IRT Better Prepares Soldiers for Combat
August 15, 2008
<b> FORT STEWART, GA </b> -- A team of Soldiers move quickly through a long dark hallway. With rifles at the ready, the team moves as if it's a single being.
"Door left," the lead soldier shouts, alerting the rest of the team of the upcoming possible danger.
This scene could have easily taken place in Iraq; however, it did not. It is part the urban operations training, just one phase of the 10-day Individual Readiness Training exercise at Evans Field.
"Everything the Soldiers experience here has been designed based from our own real world experiences in Iraq," said Staff Sgt. James Masterson, 260th Quartermaster Battalion and Evans Field IRT instructor. "We strive to recreate the combat experience for these Soldiers to better prepare them for battle in Iraq"
The 10-day training exercise includes individual weapons training, convoy operations, react to direct and indirect fire, vehicle and personnel search, media on the battlefield, and urban operations.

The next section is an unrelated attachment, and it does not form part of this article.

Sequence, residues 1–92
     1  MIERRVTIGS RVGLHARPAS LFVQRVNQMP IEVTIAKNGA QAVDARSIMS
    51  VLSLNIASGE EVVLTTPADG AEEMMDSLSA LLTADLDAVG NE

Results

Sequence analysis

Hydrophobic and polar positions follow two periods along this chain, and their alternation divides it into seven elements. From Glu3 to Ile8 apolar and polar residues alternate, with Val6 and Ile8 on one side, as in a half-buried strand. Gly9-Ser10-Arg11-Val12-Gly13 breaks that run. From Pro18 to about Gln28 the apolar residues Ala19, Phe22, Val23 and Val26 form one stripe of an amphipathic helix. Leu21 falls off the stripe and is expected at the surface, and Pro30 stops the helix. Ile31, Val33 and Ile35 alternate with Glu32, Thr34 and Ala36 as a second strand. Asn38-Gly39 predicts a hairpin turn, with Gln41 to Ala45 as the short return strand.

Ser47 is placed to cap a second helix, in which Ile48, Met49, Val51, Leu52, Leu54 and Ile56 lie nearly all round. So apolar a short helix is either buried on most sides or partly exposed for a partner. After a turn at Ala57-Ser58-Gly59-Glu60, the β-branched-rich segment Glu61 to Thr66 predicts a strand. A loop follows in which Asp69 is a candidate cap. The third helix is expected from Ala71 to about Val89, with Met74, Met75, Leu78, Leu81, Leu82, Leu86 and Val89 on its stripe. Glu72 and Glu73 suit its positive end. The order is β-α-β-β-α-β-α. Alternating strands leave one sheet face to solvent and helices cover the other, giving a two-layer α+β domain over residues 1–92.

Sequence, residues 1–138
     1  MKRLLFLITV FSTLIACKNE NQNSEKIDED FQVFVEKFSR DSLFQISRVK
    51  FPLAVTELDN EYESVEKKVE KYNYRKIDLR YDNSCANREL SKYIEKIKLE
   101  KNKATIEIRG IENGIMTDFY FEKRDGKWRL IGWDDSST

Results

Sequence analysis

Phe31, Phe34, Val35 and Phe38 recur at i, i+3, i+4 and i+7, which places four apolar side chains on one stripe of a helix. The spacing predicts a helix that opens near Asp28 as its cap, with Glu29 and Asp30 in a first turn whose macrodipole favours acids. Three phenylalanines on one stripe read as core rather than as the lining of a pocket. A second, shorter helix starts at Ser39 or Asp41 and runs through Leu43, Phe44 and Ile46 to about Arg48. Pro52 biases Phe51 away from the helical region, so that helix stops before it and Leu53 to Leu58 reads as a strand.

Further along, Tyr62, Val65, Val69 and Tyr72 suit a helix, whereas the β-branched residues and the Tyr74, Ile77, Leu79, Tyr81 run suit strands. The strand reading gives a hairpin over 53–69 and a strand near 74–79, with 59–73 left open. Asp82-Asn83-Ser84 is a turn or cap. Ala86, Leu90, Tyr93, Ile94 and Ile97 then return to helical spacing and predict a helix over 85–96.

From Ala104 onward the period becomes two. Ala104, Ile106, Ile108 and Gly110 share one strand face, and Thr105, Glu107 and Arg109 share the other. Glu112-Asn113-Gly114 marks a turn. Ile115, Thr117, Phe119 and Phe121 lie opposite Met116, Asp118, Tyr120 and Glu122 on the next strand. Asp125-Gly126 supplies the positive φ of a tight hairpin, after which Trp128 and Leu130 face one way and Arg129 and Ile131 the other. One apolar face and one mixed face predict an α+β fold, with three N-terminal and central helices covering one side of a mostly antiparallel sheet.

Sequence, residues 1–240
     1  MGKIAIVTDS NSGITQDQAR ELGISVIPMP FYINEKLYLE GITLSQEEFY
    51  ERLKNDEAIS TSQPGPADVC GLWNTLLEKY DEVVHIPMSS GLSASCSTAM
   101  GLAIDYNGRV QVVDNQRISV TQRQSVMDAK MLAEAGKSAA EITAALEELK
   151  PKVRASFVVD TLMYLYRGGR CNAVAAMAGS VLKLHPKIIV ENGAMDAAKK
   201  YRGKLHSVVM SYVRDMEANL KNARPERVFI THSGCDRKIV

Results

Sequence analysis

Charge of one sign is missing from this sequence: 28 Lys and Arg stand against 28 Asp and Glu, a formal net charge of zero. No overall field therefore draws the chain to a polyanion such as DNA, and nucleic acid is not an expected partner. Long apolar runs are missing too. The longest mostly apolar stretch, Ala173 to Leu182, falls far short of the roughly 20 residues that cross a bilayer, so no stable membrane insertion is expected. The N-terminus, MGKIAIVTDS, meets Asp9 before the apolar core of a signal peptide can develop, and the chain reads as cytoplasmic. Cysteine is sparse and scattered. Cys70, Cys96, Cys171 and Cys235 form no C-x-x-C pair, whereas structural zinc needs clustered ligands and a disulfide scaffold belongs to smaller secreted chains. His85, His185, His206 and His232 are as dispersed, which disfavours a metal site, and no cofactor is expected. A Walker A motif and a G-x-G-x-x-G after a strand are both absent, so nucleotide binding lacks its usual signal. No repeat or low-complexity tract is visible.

The training, used to augment a unit's Mission Readiness Training, provides essential training to individuals who couldn't get the training with their unit - mostly due to Soldiers newly arriving. Not all Soldiers who go through the training are new to service in Iraq; however, they must attend the training.
Hunter Army Airfield's 260th Quartermaster Battalion act as cadre, opposing forces, media and general instructors for one to two IRT sessions a month to better prepare Soldiers for deployment. The 39 instructors who make up the IRT cadre train about 250 Soldiers per cycle.
"A lot of these Soldiers never experienced this type of training, even during basic training," said Cpl. Bernard Villa, an IRT instructor. "Even though this is a safe environment this training is designed to be very fast paced and aggressive but most importantly realistic."
The 10-day training concludes in a single full day exercise referred to as the "Capstone," explains Masterson.
The Capstone event is a culmination of everything learned during IRT training in a real-time exercise. Soldiers will be tasked to move in a convoy, which will be taking direct and indirect fire, take casualties, successfully locate an informant and safely secure the area of a hostile Iraqi village.
The Soldiers will be under constant fire as well as grenade simulations. All of this, Masterson explains, maintains a realistic combat environment for the Soldiers.